• by DarkOx (621550)

      My guess would be Netflix does not care or does not care much. Radio Shack probably paid them something for those promo subscriptions. If anything Radio Shack will now have to buy more from Netflix to ensure they can provide them to their own legitimately entitled customers.

      Even if it was a handshake deal where Radio Shack gets to offer a free month of Netflix to entice customers and Netflix gets a shot a retaining some of those subscribers who might not otherwise try the server they probably still don't

      • yes speaking as one of the Sales Support folks that Corporate decided was "not needed" yes the service is middling to Ghastly.
        (hint for the SMs if somebody comes in and tells you they need 3 640-2373 a 640-2184 any Salesmaker on the floor had better come up with a few things in the 27? series to suggestive sell BEFORE you even breath anything about cell phones)

        the Name of the Store has been RadioShack for over a decade.

        and the guy that greenlit this should be shot out of a cannon at the nearest Unemployment

      • My guess would be Netflix does not care or does not care much

        well, they should care. companies should care when their product is associated with a negative experience, even if it's indirect. it's the same reason that the coca-cola corporation does not want the news airing video of someone beating their spouse holding a can of coke. advertising (positive and negative) is to a large degree subconscious.

      • They offered 6 months, not 1 month.
  • by pwileyii (106242) on Wednesday February 26, 2014 @04:06PM (#46349801)

    I hate it when people have the impression that they are entitled to steal from others. I use the SlickDeals website and a lot of time they have some great deals, but if you dig deeper into the forums on that site, there is a dark side. This is my opinion, if you took a code and used it for yourself, you are stealing, but maybe the temptation was a bit too great. It is like finding a 20 dollar bill on the floor and keeping it. You know it isn't yours, but the person of irresponsible enough to lose 20 dollars so they kind of deserve it. If, on the other, you generated hundreds of codes and start selling them on Ebay, you are stealing and being a complete dick. That is like watching someone drop their wallet, pretending not to notice, picking it up when the person is out of sight, cleaning out all of the cash, and then tossing the wallet in the dumpster outside.

    • by dysmal (3361085)
      Agreed. Slickdeals can be a very useful website but the stuff that some of the people openly brag about in the forums makes me ill. Fraud is fraud. If you're using one of those codes, it's fraud. Yeah you can blame it on bad security and whatever else makes you feel better but it's still fraud. You're getting something for nothing. It's not Porsche's fault that my car got stolen when i left the keys on the seat, the top down, windows open, but the doors locked. It's my own damn fault! (Note: I do n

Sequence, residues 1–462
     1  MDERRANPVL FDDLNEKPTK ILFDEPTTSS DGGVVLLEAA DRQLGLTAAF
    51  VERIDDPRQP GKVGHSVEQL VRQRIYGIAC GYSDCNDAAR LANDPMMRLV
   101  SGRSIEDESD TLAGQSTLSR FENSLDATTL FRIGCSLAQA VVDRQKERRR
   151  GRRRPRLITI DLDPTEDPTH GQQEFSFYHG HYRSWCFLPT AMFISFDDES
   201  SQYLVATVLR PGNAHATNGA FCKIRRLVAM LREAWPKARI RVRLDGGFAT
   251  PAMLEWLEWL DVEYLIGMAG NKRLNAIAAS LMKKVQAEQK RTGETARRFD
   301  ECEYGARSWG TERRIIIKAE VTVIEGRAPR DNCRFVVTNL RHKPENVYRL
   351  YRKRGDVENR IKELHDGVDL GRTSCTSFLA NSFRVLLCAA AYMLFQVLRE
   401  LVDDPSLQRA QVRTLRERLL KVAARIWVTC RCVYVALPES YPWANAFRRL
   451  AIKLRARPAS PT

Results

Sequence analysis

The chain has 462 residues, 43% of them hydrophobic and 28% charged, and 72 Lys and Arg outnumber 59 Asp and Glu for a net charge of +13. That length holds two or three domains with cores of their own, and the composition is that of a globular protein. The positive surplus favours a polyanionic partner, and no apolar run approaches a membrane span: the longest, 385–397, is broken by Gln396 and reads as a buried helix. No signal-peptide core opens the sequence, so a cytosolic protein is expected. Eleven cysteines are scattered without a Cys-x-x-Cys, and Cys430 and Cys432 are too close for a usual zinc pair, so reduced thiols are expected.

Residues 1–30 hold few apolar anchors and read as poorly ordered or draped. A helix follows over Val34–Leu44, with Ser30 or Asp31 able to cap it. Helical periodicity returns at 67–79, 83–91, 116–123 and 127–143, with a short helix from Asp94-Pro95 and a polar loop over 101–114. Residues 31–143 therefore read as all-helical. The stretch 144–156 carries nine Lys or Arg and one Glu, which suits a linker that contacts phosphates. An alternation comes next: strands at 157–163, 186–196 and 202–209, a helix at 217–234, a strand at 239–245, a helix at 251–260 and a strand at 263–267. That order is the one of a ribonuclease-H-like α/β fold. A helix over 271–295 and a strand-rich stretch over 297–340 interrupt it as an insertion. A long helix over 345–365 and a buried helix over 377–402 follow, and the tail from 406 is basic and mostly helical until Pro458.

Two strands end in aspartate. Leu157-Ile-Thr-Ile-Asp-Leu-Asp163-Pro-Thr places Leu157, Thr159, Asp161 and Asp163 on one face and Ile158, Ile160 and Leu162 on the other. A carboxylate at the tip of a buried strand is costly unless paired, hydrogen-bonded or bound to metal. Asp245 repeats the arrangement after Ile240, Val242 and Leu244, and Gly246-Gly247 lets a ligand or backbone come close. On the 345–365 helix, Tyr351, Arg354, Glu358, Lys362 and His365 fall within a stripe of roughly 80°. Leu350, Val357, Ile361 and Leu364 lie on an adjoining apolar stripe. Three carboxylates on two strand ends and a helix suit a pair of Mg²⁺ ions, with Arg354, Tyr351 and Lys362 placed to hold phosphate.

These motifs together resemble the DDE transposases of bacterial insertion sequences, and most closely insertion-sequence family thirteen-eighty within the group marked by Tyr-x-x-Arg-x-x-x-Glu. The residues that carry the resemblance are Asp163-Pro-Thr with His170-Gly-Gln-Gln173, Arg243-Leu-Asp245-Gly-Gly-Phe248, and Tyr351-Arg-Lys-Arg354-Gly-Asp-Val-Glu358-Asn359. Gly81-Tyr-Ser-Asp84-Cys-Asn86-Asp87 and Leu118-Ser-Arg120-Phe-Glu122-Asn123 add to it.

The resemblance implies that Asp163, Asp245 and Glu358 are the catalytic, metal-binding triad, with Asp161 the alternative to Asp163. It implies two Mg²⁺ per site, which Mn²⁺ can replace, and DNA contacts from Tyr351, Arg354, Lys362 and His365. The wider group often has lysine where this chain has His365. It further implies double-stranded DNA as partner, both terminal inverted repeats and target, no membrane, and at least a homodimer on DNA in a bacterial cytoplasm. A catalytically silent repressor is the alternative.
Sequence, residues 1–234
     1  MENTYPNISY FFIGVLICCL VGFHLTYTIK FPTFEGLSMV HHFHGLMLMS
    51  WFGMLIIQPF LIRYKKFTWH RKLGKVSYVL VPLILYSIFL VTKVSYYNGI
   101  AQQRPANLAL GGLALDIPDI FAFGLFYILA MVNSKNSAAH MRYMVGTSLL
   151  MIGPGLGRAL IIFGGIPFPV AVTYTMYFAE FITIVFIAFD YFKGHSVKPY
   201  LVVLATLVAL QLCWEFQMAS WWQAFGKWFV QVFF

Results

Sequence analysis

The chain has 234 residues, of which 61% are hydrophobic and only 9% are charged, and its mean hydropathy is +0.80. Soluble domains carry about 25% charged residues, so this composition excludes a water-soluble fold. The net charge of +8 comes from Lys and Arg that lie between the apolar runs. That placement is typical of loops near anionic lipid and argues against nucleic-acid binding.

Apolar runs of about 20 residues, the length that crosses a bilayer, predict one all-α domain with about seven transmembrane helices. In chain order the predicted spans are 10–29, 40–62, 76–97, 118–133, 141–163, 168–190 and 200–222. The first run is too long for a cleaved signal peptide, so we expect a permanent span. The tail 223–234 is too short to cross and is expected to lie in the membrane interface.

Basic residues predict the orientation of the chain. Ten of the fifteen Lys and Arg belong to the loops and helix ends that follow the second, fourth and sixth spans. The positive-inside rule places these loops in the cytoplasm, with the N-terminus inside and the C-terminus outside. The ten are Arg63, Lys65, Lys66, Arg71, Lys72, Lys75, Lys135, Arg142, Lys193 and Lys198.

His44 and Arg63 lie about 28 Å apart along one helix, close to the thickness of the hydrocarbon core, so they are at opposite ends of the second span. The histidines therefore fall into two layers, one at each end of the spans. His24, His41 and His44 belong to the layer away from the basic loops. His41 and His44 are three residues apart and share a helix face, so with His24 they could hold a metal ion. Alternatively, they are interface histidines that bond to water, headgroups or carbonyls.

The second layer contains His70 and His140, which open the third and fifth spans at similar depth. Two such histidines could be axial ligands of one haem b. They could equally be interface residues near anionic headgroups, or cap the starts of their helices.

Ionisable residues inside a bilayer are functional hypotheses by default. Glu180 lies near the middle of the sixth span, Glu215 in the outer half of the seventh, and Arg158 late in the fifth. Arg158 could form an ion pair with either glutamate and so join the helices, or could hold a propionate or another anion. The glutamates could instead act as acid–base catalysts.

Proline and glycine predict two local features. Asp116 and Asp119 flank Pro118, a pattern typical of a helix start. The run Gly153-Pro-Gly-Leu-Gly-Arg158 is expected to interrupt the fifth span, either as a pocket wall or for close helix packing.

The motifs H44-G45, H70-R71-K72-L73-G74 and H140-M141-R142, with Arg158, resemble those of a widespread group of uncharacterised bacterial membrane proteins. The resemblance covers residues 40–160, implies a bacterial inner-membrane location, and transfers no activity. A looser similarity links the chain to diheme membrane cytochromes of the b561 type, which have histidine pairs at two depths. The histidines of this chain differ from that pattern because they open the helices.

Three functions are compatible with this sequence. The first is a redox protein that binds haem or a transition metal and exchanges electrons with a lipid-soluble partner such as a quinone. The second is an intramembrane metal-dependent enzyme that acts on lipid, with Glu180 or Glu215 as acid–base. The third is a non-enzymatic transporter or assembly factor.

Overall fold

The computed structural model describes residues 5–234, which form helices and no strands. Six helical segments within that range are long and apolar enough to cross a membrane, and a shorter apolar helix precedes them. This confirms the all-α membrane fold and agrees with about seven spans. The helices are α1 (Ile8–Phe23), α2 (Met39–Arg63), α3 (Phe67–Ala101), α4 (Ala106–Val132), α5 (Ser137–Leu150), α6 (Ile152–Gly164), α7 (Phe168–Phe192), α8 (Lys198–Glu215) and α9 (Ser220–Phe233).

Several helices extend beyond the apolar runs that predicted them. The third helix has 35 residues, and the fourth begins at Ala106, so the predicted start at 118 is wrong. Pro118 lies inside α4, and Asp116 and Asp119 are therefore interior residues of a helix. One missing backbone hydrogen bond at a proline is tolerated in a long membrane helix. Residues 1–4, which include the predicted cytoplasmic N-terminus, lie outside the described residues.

• by imrahilj (3553503)
        Hit the nail on the head.
      • by Obfuscant (592200)

        It's not Porsche's fault that my car got stolen when i left the keys on the seat, the top down, windows open, but the doors locked. It's my own damn fault! (Note: I do not, nor have I ever owned a Porsche!)

        Well, if you left the keys on the seat with the top down and windows open, it can truly be said you never owned a Porsche, you were just making payments on one you were borrowing for a week.

    • by rolfwind (528248)

      Just a question, but have we become so stupid as a society that we need analogies for even simplistic situations to begin with?

  • The 80's called - they want their web technology back.
    • by cbhacking (979169)

      What, the technology of the web from a decade before the web was invented?

      I'm guessing you're a youngster, maybe don't even remember 1991. That was the year that both HTTP and HTML were first publicly described (though HTTP was version 0.9 and HTML was not yet standardized at all), and it didn't really take off until 93 or 94. The first few years certainly didn't have anything like the concept of HTTPS or dynamic content or "web applications" at all.

      Get off my lawn! (I'm not quite 30...)

  • Seems like a first-world pebble in the road to me.
  • With the high profile issues lately such as the healthcare.gov, radioshack, mtGox... you have to wonder.

  • Radio Shack (Score:5, Funny)

    by fred911 (83970) on Wednesday February 26, 2014 @04:56PM (#46350347)

    You've got questions?
                                            We've got stupid looks.

  • by Murdoch5 (1563847)
    Radio Shack has to honor the deal, they have to provide what they said they would.
  • by BitZtream (692029) on Wednesday February 26, 2014 @06:22PM (#46351363)

    the problem.

    Seriously, theres enough info in any default apache or IIS log to find the majority of the bullshit codes generated/stolen. Find anything that looks fake and kill it, anyone entering a killed code, have them call in to activate/get a new code, all these people who steal codes over the Internet generally aren't ballsy enough to make the phone call repeatedly, make sure the call comes from a good solid landline, no VoIP crap, sorry if it effects all 8 of you legitimate users of radioshack and netflix.

    This is (just) a shitty long day for some sys admin somewhere who has to make up for some shitty developers mistake. This is pretty much the status quo is it not? Most if not all of the bad codes will be found out ... if they want to, it may be well worth it for them to have the accounts active anyway for the books or just for possible retention values.

    This is a great example of the no press is bad press mantra. Both RadioShack and Netflix will see increased customer counts for people trying to scam it, slam dunk marketing.

The world is moving so fast these days that the man who says it can't be done is generally interrupted by someone doing it. -- E. Hubbard